A road shoe is most commonly found with a three hole cleat pattern on the sole. This set-up is suitable for Look style and Shimano SPD SL pedal systems. The cleat is exposed on a flat sole platform and is not suited for walking.
A high quality shoe will have a stiff sole enabling good power transfer. Some road shoes are built around a carbon fibre sole, that is not only stiff but also very light. The fastening system for the shoe is often an adjustable Velcro strap, ratchet, dial or combination of each. This allows for a varied and comfortable fit.
The upper material for the shoes varies from brand to brand and even model. A leather upper would be more substantial but heavier whereas an artificial, vented fabric offers a lighter option but with less efficiency in keeping out the elements.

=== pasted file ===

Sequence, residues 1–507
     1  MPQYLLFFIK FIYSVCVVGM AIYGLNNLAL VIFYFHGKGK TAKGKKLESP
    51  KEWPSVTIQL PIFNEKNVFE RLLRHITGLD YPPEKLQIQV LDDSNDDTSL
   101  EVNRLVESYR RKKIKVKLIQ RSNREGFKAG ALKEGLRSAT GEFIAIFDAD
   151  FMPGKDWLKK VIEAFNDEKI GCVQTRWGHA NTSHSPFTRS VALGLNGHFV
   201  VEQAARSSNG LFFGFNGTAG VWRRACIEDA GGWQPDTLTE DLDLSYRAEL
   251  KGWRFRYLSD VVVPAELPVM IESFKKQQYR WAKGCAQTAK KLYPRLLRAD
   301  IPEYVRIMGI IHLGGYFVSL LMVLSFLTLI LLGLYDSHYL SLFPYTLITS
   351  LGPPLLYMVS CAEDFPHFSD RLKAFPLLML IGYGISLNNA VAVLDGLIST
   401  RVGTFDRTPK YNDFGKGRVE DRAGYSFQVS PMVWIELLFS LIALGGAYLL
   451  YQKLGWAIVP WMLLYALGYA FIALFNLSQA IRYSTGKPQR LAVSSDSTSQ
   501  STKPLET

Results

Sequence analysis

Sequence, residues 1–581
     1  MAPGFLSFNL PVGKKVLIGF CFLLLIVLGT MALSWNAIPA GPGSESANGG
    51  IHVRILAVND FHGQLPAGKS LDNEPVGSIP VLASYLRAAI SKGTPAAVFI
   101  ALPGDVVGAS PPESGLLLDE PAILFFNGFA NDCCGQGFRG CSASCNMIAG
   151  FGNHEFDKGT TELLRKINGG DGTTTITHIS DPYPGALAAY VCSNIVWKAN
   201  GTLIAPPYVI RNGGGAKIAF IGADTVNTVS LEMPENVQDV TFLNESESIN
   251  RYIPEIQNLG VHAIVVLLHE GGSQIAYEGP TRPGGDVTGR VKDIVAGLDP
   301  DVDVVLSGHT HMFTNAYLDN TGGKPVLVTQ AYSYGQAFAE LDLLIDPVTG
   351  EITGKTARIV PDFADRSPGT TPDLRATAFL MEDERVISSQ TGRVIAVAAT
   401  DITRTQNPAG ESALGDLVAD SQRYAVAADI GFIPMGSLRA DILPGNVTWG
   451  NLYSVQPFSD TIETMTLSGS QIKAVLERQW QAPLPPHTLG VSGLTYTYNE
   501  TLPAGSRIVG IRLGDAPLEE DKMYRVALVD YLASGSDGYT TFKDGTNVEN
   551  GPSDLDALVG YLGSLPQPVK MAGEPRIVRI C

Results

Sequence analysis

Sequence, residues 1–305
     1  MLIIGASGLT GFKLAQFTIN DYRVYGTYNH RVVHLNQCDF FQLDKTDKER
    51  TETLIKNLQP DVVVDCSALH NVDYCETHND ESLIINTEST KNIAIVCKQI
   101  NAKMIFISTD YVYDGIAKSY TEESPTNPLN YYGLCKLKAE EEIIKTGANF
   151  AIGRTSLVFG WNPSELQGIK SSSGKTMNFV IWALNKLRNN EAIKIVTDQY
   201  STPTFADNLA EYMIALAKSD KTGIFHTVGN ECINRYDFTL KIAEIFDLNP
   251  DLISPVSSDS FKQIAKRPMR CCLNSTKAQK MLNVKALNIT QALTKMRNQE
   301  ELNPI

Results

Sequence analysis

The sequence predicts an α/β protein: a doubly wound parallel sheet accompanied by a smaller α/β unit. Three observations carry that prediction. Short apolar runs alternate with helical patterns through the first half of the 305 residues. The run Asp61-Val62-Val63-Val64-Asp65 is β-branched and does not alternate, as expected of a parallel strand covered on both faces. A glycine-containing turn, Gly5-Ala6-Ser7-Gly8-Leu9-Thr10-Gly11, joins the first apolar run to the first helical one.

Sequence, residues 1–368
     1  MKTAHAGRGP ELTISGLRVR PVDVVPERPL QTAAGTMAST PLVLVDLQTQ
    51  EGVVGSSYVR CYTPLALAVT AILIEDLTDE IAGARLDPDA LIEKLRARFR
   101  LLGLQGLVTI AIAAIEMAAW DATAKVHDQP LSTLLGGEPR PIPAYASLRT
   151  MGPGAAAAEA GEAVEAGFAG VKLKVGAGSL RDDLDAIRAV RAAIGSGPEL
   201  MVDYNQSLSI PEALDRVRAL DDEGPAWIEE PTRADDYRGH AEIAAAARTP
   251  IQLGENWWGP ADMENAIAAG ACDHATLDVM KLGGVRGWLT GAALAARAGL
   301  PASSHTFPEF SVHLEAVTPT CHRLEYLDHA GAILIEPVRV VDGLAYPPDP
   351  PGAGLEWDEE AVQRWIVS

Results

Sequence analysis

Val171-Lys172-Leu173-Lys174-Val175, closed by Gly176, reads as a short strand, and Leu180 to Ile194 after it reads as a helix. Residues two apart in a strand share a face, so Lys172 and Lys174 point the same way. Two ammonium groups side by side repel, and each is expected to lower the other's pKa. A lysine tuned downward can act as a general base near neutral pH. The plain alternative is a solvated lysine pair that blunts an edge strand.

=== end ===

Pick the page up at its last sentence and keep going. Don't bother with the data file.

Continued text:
Fit is subjective but ideally the shoe should be snug without restricting movement.
When purchasing a road shoe there are few things to consider:
1. Your current pedals (whether three or two hole cleats SPD or Look/SPD SL style).
2. Intended use. A shoe for commuting would ideally be more robust and better suited to wetter weather, whereas a racing shoe would be light and stiff with an easily adjustable fastening system.
3. Parts availability. A Velcro strap system is unlikely to require replacing but a ratchet and buckle or dial system may wear and need replacing.
4. Fit. A good fitting road shoe should feel snug but not restrictive. In the first instance always order your regular shoe size unless you have previous experience of a particular brand/model sizing irregularities.